Delhi faces long power cuts
The national capital on Friday reeled under massive power cuts ranging from two to ten hours as a number of major electricity transmission lines tripped due to technical snags.
New Delhi: The national capital on Friday reeled under massive power cuts ranging from two to ten hours as a number of major electricity transmission lines tripped due to technical snags.
Areas in east, west, and south Delhi were affected as power went off at around 12pm in certain localities in east Delhi and supply could not be restored till 11pm.
Delhi Lt Governor Najeeb Jung said many areas will continue to face planned blackouts for a few more days as repairs to the power towers and lines which were damaged in the storm that hit the city last week are taking time.
Power department officials said a number of major transmission lines, including Bawana Circuit 1 and Circuit 2, developed technical snags early in the day, following which supply of power was affected in large parts of the city.
Some areas in west and south Delhi did not have power supply for as long as eight hours.
The private power distribution companies said load shedding was caused by technical snags in the transmission network which is maintained by Delhi Transco ltd, a Delhi government entity.
People had a harrowing time because of the long outages as the temperature rose to record 45 degrees Celsius in the city.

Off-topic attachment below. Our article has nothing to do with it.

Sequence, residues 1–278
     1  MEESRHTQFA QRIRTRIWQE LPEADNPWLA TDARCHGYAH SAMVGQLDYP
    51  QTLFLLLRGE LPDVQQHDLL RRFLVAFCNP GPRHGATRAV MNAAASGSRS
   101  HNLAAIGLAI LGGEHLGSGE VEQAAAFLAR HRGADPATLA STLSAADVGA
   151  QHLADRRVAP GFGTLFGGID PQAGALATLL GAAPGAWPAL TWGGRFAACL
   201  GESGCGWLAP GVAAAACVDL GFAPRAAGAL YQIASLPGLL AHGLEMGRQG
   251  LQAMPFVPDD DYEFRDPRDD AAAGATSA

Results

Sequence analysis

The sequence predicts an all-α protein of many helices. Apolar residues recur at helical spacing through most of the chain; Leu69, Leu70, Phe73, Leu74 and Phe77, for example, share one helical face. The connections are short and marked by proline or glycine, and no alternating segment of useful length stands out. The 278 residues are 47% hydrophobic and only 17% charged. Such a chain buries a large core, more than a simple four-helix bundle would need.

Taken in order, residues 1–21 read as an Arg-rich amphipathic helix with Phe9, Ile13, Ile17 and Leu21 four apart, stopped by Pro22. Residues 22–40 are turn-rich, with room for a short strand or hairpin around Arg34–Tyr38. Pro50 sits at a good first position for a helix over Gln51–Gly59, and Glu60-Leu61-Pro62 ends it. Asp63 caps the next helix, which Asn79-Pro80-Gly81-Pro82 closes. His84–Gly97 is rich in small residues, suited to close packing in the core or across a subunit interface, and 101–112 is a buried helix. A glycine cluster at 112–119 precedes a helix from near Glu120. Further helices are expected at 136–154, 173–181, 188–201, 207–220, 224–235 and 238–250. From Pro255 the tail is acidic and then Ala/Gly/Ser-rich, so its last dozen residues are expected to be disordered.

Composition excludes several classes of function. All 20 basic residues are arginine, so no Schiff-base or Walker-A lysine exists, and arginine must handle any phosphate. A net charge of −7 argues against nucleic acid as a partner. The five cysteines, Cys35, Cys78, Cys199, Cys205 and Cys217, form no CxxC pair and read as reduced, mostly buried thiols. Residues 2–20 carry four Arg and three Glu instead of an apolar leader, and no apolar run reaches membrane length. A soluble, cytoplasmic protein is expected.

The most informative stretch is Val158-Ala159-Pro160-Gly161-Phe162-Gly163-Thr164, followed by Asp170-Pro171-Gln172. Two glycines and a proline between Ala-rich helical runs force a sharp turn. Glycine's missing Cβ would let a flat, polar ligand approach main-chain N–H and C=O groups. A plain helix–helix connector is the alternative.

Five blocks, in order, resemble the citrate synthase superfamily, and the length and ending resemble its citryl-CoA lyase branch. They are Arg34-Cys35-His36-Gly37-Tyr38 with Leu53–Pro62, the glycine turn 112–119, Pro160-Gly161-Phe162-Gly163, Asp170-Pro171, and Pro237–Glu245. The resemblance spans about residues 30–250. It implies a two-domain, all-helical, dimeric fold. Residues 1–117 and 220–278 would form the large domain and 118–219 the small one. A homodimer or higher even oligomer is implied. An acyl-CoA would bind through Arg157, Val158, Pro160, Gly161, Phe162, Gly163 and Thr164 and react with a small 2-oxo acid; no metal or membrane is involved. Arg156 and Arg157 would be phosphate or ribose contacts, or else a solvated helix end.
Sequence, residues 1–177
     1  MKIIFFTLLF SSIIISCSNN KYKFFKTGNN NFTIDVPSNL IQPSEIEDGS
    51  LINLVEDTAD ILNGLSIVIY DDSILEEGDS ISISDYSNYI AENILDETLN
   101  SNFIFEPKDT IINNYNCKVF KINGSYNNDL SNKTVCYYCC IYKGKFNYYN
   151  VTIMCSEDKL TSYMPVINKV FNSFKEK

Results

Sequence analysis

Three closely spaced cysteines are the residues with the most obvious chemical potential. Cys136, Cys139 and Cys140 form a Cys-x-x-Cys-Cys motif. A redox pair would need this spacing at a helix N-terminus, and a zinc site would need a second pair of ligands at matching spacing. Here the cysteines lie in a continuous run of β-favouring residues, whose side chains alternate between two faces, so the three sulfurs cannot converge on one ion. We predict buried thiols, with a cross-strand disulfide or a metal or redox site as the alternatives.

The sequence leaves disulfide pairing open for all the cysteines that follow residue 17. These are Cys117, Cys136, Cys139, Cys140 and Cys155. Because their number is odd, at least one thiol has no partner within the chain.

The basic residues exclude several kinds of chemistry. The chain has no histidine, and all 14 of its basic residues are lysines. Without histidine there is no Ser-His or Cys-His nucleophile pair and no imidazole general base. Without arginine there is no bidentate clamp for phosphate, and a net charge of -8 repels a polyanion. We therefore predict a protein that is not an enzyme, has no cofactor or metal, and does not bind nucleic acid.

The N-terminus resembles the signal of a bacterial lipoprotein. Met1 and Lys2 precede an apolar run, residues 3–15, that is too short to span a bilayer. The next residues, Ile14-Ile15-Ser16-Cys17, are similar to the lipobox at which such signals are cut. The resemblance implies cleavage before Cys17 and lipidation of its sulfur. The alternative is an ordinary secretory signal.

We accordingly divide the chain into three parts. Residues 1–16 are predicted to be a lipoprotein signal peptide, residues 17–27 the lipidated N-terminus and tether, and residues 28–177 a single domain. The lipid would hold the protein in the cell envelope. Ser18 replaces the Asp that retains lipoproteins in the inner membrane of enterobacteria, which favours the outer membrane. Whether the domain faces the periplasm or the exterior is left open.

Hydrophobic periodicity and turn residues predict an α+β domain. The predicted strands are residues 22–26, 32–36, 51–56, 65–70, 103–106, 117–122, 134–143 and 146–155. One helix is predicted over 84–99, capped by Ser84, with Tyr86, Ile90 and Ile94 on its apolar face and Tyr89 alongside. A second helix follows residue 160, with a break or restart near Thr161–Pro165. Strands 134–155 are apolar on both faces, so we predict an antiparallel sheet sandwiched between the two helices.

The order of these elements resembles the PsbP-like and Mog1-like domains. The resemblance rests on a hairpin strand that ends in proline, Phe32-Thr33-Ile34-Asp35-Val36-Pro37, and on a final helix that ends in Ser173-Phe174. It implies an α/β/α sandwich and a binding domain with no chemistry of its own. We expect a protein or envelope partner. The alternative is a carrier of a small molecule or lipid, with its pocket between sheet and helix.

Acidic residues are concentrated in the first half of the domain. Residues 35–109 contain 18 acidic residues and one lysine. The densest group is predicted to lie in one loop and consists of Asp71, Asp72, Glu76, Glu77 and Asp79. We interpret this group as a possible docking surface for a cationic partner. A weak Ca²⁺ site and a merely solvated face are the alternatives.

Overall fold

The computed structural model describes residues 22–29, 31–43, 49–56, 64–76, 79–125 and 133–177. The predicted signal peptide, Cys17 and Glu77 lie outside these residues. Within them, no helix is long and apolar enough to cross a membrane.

"There was no power in our area for the last six hours," said a resident of Khajuri Khas area of east Delhi.
The power cuts has affected operations at a number of water treatment plants in the city which resulted in shortage of water in various areas.
An official of Delhi Transco Ltd said it will take at least 2-3 days to restore normalcy in power supply in the city.
"Before the storm struck, we were generating about 5,000 MW of electricity, which was reduced to 1,000MW (due to the storm). You can imagine what we went through, worried that the entire city will be plunged into darkness.
"We are now producing 4,600-4,700MW. The problem is that some big towers and lines fell in the storm and repairing them would take some time. Due to rising temperatures, the demand for power has shot up to 6,000 MW, which we (cannot meet).
"So, there could be blackouts for another three to four days to cope with the crisis," Jung said.